Smog over Lahore

October 14, 2021

One can see that the dreaded smog is gradually descending upon us. It is palpable at the moment, but it is not inevitable – it shouldn’t be. Smog is of our own making; we can easily...

Share Next Story >>>

One can see that the dreaded smog is gradually descending upon us. It is palpable at the moment, but it is not inevitable – it shouldn’t be. Smog is of our own making; we can easily control it.

But the irony is writ large on the way we handle smog each year. No sooner than the city’s air quality is declared ‘very unhealthy’ that we wake up to the steps that we should have taken long ago.

Only a few days ago, the Air Quality Index (AQI) score was between 223 and 231 in Lahore. As a knee-jerk reaction, the Punjab government sprang into action directing the authorities concerned to implement mitigation measures.

We have seen the recurrence of smog from October to January since 2014. Last year, in November, smog levels reached hazardous levels in Punjab with Faisalabad and Lahore topping the list of the world’s most polluted cities. Strangely enough, that till February this year, Lahore was among the world’s most polluted cities with the city’s AQI score exceeding 500 to hazardous levels still does not give sleepless nights to the champions of the billion tree tsunami project.

While the authorities hide behind the excuses of ‘incorrect’ readings by air quality monitors and stubble burning in Indian Punjab being responsible for the rising smog levels, they have no explanation about stubble burning in Pakistan’s Punjab – an activity which is often observed while commuting on the main highways of the province.

The UN and the World Bank have also identified the transport sector as one of the biggest contributors to pollution in Punjab, followed by the industrial and agriculture sectors. As per news reports, the Punjab Disaster Management Authority (PDMA) had been directed to stop crop burning, but the practice continues unabated as the government has been unable to ban it completely.

Another example of a knee-jerk and cosmetic measure to lowering smog levels is expecting brick kilns to convert to zigzag technology overnight. During the last few years, the Punjab government has cracked down on kilns not converting to the new technology. Is the government helping out the kilns to make the transition in some way? Have they been given a realistic timeframe to phase out old operating systems?

To top it all, we are still unaware if we have a sufficient number of air quality monitors. And that reflects adequately on why we have a lot of room to show our commitment and action of limiting industrial and vehicular emissions.

The seriousness of the government is visible only on paper. The Punjab Local Government Act 2019 directs municipal authorities and waste management companies to ensure water sprinkling on roads, streets and construction sites producing dust. The PDMA allows only zigzag technology-led brick kilns to operate in the province. The Lahore High Court (LHC) has ordered a fine of Rs50,000 to Rs100,000 on people caught in the act of stubble burning.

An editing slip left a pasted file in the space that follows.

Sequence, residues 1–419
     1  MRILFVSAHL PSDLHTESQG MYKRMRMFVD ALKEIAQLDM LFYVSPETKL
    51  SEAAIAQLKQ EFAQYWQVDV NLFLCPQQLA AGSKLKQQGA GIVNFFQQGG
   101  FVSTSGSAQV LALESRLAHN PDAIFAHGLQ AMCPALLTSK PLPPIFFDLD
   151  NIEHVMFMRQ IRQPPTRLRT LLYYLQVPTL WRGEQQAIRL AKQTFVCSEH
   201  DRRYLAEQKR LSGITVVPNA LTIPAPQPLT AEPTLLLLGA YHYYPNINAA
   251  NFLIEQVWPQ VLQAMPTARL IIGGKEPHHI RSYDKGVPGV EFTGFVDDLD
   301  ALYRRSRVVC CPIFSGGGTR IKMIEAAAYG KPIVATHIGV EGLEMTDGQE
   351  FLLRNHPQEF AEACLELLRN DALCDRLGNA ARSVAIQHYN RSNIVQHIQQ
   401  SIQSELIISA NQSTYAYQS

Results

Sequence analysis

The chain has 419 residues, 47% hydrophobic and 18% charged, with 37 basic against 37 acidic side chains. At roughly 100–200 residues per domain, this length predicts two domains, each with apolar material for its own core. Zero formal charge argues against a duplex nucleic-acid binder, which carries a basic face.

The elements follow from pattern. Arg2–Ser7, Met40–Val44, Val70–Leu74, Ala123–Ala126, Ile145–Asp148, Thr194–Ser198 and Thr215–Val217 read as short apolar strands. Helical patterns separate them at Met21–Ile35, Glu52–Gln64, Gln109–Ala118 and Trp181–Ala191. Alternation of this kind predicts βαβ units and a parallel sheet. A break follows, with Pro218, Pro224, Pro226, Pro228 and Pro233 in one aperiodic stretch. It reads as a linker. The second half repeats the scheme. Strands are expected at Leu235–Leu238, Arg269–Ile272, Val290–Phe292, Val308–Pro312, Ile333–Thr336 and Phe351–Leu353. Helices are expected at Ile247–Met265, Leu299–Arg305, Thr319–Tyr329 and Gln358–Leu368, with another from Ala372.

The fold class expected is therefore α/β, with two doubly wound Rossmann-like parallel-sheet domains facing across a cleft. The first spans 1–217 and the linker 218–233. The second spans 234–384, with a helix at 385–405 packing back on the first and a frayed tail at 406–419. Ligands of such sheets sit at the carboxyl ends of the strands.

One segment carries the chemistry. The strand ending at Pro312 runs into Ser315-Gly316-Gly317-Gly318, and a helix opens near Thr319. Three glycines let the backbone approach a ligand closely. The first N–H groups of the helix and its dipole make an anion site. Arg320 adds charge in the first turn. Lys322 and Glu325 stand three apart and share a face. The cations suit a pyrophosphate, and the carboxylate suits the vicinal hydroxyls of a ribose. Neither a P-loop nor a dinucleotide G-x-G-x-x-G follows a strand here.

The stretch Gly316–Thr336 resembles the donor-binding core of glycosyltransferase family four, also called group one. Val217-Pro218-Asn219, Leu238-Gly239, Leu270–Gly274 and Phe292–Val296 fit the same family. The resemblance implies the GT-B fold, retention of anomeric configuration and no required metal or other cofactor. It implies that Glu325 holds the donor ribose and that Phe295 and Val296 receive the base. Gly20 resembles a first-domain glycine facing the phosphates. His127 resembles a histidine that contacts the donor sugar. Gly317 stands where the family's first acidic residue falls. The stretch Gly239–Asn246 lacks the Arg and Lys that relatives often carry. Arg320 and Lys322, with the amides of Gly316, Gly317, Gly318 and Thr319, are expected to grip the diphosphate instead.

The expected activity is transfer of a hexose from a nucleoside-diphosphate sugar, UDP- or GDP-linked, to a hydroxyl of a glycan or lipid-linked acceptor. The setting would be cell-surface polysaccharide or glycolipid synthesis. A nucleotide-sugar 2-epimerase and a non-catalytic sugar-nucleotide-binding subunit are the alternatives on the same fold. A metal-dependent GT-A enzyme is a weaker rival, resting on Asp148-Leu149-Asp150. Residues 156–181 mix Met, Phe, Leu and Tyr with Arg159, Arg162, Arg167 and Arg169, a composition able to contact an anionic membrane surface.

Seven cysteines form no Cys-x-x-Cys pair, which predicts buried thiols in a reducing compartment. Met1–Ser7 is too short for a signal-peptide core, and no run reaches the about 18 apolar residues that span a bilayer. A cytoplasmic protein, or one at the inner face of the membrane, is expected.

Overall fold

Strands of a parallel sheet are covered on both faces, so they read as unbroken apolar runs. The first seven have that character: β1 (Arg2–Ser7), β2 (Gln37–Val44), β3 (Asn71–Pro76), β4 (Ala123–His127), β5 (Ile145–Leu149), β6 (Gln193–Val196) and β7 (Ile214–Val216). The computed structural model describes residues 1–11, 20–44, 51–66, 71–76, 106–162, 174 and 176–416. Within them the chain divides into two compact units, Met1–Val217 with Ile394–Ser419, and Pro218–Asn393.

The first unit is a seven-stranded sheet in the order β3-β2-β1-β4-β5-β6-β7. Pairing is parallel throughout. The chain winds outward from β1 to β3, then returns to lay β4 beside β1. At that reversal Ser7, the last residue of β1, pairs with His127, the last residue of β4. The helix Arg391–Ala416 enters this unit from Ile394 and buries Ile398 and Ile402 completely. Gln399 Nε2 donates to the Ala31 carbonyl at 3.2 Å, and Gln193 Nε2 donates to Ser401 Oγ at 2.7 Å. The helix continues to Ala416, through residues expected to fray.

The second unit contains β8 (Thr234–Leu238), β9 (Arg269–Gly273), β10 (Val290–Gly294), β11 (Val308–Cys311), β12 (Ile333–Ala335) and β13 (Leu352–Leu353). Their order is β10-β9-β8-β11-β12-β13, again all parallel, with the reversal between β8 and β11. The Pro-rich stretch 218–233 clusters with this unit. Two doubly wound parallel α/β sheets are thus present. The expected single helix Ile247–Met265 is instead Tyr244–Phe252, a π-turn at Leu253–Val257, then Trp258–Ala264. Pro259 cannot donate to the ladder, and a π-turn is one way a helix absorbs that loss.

This is in sharp contrast to the government’s ‘five-pronged’ strategy to reduce smog in the air during October and November. The plan includes massive plantation campaigns, reducing vehicular smoke, stopping stubble burning, reducing industrial emissions, and limiting thermal power plants. But how will that be achieved without timely actions by the authorities concerned?

Our commitment for a clean environment shows in the fact that we have even not been able to stop waste burning at various spots in the city, especially in the outskirts, and remove pressure horns from buses and trucks. So the problem seems to be lying more in the implementation and commitment part than in the planning part. Every year, during this time of the year, the government does its duty by announcing a set of policies to fight smog. Little is done on the ground to actually fight smog, which is disturbing.

Another way to fight smog and breathe fresh air could be to plan for urban forests in major cities where vehicular and industrial pollution have destroyed fresh air, such as at different locations in Karachi.

Some fifty acres of Lyari riverbed in Keamari, Karachi have been turned into an urban forest planted with thousands of native trees. Launched early this year, the project, implemented by the forest department, has so far grown about 73,500 trees.

That model should be replicated in other cities. We should be able to learn from other countries, too, which have cleaned their environment by adopting new and simple technologies which do not require huge capital but the commitment to achieve results.

A result-oriented unending commitment and action plan is required from the federal and provincial governments, instead of the routine and mechanical approach, such as imposing Section 144 across the province during these months.

While we South Asian people don’t care if the ozone layer is damaged by the pollution that we create although it concerns us directly, we should at least be mindful of the immediate challenge smog poses to our health. There should be no harm in India and Pakistan listening to each other on the issue of smog for the benefit of millions of people.

The writer is a staff member Email: athernaqvigmail.com



More From Opinion